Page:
As we turn the corner to November, I cannot help but find myself thinking about the old veterans in my life. Many of them have long since passed on, veterans of World War II and World War I. Many of these men spent time at our cottage, friends of my father, or my grandfather, and several were relatives.
Perhaps the most notable part of the experience that I remember, is their reluctance to talk about it, almost to a man, very little was ever said about their contributions in the war. My Dad’s Uncles, all brothers, served in some capacity in the First War, one was gassed at Vimy, sent home, alive but damaged, another spent the entire war in the trenches in France, two who were on artillery, the guys who fired the ‘big guns’ in the same war, and another who served aboard ships. Their father, was a sea captain himself, even did a stint as the Master of one of Canada’s first warships.
These were men’s men if you know what I mean by that, men who were stoic types, tough as nails on the outside, softer on the inside, or at least with their dealings with me, a young impressionable kid who was seldom seen in those days without a cowboy hat and set of pistols, or a war surplus army helmet and an old war surplus army jacket. Not one of them ever told me a war story, although they had plenty of them. Dad knew some of it, but didn’t tell me much either, at least not until the last few years when I have managed to pry it out of him.
To a one, all of these fellows loved to fish. In fact, I would say they lived to fish. My own father, himself fatherless around age 10 after his dad died, was lucky to have the lot of them, each of whom contributed in someway to his upbringing, forging him into a man, who would himself go off to war in the Merchant Navy during WWII despite being turned down for the Navy or Army because of health problems.
But back to the old fellows…they loved to fish, and they imparted that love of fishing on my Dad, who, managed to impart the same love of the outdoors and fishing to me. Those that lived long enough to see Dad realize his dream of owning a cottage on a fishing lake, were more than a little pleased about it, often accompanying him on a fishing trip or two to the camp. One even used to go with his oxygen tank…these were hardened trout fishermen…..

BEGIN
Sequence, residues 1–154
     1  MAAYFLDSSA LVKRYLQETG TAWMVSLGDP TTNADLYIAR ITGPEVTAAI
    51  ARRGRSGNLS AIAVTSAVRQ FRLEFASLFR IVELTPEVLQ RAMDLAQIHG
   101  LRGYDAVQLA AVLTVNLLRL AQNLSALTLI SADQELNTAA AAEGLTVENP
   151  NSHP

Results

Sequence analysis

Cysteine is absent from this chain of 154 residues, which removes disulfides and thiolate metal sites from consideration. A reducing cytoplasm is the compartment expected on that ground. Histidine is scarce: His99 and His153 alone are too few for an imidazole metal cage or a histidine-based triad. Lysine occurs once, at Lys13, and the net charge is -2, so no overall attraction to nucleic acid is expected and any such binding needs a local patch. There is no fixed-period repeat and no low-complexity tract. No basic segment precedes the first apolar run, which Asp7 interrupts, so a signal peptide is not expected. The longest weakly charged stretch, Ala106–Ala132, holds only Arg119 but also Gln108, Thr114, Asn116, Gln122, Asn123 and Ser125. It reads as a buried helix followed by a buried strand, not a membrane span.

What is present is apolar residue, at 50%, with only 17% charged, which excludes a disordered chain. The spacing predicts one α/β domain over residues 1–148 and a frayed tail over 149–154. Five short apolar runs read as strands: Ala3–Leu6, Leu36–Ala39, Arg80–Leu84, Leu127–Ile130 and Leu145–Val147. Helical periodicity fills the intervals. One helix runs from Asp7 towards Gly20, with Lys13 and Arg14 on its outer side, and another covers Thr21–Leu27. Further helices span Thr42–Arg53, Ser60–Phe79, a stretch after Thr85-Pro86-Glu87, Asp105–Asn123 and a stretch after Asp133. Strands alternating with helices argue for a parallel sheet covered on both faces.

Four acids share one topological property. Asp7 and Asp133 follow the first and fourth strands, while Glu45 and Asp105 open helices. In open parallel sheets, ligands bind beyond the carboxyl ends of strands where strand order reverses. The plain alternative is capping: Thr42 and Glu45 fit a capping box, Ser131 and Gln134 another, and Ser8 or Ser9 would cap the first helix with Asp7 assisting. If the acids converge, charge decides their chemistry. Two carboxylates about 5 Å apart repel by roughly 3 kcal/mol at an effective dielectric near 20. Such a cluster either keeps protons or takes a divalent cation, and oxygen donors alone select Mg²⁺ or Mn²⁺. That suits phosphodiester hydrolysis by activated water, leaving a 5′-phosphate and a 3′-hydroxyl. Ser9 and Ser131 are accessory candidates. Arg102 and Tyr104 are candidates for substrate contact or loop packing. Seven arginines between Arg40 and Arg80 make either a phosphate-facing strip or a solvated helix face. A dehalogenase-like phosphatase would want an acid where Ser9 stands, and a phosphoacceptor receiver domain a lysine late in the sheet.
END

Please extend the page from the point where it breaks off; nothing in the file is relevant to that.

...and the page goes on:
But…I am rambling tonight. My intention was to write about those men, and others like them, who left their homes at a young age, and joined in Canada’s war efforts with so many of their friends and fellow Canadians. My Great Uncles were the lucky ones who managed to crawl out of the mud and carnage in France, and make it home to once again trout fish together in the lakes that they loved. My Dad, and therefore me, were lucky because of it.
Among my most cherished possessions, are a book and a knife. The knife, is of World War I vintage, and is actually a dagger, I believe of German origin. I cannot tell you the stories I invented as to how one of my Uncles managed to be in possession of that dagger. I always imagined it was something one of them took from an enemy prisoner, but Dad always says that more likely they won it from another Canadian in a card game….he has no imagination…or maybe he does…..we keep it at the cottage…I never touch it, I think it is unlucky for some reason…..
The other possession that means a lot to me, and the reason why I started to write this post, is a book. It’s an old photo album, about the size of a small bible. It belonged to another Uncle, one who had earned his medals at places like Vimy Ridge, Passchendale, and Mons. He had collected photographs of his buddies in this book, a book he may very well have carried in the trenches. He also filled in their names, and in many cases, where they had been killed…..some of the names are difficult to read, given the age of the book, and his small writing style, but most are legible.
I believe most of these men were members of the First Canadian Expedition, and for many, their first expedition became their last….here are some of the names….
F. Barton, J.A. MacDonald( killed at Mons, 10/11/18) J. Curry, J. Duggan(both killed in dugout) J. Muse,(wounded) D.J. MacDonald,(wounded) L. Moffatt, K.Horner,(Killed)
E. McAskill,(killed)J. Thompson, W.Chasson, C. Howard, B.Grogan….there are a few more, unfortunately the names have faded, or were never there.
In the front of the little book, my Uncle had pasted a clipping from a newspaper, and as Remembrance Day, November 11 draws closer, I think it is appropriate to quote the words here.
“They shall not grow old, as we that are left grow old,
Age shall not weary them, nor the years condem.
At the going down of the sun and in the morning
We shall remember them.”
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